Can the Ravens Defense Control Cleveland's Offense on Sunday?

Andrea HangstFeatured Columnist IVNovember 2, 2013

The Ravens must keep Cleveland's passing game under control to win on Sunday.
The Ravens must keep Cleveland's passing game under control to win on Sunday.David Richard-USA TODAY Sports

The Baltimore Ravens are coming off their bye week with a 3-4 record and a road contest against their AFC North rivals, the Cleveland Browns, on Sunday. With the division-leading Cincinnati Bengals losing on Thursday night to the Miami Dolphins, their 6-3 record leaves an opening for the defending Super Bowl champions to try to retake the crown.

However, the Ravens have to get through the Browns to get there. At 3-5, the Browns don't seem on paper like formidable opponents. However, with Jason Campbell under center instead of Brandon Weeden, Cleveland's offense is more efficient. And Campbell doesn't lack for weapons to throw to, including deep-threat receiver Josh Gordon and tight end Jordan Cameron.

If the Ravens are going to get out of Cleveland with a win, their defense will have to keep the Browns offense at bay. 

The Browns aren't running the ball well, averaging only 82.6 rushing yards per game. However, running is mostly an afterthought for the Browns offense, with the team averaging just 21.4 rushing attempts per game, ranking them 30th in the league. Clearly, the Ravens will need to be more prepared to stop the passing game. 

Unfortunately for the Ravens, coverage is where the defense has struggled the most this year. They rank 16th in passing yards allowed at 238.7. According to Pro Football Focus' grades (subscription required), only two members of Baltimore's defense have excelled in coverage this year—linebacker Daryl Smith at plus-four, and strong safety James Ihedigbo at plus-1.7.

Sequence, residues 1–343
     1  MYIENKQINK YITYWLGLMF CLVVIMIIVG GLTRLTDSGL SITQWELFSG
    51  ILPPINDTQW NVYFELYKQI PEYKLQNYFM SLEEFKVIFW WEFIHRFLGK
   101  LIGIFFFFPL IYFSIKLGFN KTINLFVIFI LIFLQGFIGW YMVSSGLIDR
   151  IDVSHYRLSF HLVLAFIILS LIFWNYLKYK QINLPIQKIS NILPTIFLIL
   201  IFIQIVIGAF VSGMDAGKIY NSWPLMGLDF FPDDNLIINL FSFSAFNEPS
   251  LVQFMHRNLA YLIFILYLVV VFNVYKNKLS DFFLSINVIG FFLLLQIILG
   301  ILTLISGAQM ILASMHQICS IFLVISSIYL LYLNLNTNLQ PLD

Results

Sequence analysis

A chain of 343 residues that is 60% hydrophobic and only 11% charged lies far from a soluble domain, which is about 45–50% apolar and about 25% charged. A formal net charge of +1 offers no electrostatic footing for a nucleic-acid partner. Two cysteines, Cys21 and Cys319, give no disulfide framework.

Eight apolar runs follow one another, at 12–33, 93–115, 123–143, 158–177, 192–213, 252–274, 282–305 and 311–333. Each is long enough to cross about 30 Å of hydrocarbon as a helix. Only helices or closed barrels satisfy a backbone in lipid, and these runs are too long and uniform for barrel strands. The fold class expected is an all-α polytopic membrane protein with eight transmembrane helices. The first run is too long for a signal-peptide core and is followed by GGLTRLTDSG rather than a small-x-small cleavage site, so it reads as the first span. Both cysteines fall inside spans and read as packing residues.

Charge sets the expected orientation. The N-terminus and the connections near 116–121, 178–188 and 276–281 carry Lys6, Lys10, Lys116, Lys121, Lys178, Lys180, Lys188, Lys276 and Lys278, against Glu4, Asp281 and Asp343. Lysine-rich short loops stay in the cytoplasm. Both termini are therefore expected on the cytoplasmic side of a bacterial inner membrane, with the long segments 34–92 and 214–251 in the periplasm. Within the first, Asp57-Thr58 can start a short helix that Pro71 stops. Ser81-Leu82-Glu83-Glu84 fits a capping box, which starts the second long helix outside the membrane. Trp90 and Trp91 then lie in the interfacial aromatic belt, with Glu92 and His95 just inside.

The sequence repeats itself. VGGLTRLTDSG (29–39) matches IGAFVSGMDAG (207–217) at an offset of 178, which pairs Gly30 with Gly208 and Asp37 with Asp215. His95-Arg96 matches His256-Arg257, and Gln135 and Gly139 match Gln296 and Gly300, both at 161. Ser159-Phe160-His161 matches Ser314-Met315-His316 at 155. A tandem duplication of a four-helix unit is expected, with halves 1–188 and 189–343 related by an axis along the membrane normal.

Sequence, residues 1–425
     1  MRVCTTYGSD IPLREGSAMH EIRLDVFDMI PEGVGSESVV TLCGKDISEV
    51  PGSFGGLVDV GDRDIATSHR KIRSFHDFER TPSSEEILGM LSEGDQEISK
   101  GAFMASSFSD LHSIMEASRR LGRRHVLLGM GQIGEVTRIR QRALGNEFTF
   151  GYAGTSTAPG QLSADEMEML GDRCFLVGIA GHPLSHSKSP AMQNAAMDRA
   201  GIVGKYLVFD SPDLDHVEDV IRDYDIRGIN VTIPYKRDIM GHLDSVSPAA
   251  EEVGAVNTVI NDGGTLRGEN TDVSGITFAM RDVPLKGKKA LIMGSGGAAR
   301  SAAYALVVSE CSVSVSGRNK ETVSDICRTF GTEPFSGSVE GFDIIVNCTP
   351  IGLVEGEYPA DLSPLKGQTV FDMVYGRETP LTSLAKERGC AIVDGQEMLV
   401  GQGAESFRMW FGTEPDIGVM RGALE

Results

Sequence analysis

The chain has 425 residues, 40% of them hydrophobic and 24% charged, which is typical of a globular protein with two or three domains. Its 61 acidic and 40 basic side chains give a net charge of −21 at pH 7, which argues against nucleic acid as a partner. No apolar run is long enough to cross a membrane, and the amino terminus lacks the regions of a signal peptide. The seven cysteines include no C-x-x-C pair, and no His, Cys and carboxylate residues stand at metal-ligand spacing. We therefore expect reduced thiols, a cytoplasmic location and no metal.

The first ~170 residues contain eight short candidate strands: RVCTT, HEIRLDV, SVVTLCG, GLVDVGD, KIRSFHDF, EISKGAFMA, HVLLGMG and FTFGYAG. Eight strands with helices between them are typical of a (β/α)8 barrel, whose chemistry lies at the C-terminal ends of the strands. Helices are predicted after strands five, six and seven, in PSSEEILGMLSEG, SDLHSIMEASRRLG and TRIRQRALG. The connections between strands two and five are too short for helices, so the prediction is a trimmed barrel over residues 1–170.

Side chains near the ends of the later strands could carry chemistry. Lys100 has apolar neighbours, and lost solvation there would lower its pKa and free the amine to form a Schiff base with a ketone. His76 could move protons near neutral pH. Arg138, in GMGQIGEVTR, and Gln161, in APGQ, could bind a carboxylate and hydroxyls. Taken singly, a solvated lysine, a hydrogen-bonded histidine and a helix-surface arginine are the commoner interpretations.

The rest of the Ravens secondary hasn't been all that impressive in coverage situations. Free safety Matt Elam has the better of the bad grades at minus-1.8 while cornerback Jimmy Smith has the worst, at minus-5.2. This could spell trouble when tasked with stopping the formidable Gordon, who has 59 catches for 582 yards and three touchdowns and who is averaging 18.2 yards per catch.

Ravens' Pass Coverage, 2013
Atts.Comp.% Ct.YardsYACTDINTPD
via Pro Football Focus (subscription required)

And even if they can hold Gordon to few catches and minimal yards, there's the matter of Cameron to contend with. More of a receiver than a traditional tight end, Cameron has 49 catches for 596 yards and six touchdowns this year—the second-most receiving yards of a tight end so far, behind New Orleans' Jimmy Graham

Because of Cameron's speed and size, the Ravens won't simply be able to put a coverage linebacker like Smith or a safety like Ihedigbo on him and hope that they can stop him. That will put a lot of pressure on a defense that ranks 19th against tight ends, according to Football Outsiders, and 27th against No. 2 receivers, which is what Cameron basically is for the Browns.